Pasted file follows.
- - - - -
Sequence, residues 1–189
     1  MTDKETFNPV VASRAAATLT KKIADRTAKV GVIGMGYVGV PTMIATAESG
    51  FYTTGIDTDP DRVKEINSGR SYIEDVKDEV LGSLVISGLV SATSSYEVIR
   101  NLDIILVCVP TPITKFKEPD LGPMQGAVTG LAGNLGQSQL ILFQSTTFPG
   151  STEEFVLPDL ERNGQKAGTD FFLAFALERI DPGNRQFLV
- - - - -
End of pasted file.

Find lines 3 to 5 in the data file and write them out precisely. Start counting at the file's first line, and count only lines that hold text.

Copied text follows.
    51  FYTTGIDTDP DRVKEINSGR SYIEDVKDEV LGSLVISGLV SATSSYEVIR
   101  NLDIILVCVP TPITKFKEPD LGPMQGAVTG LAGNLGQSQL ILFQSTTFPG
   151  STEEFVLPDL ERNGQKAGTD FFLAFALERI DPGNRQFLV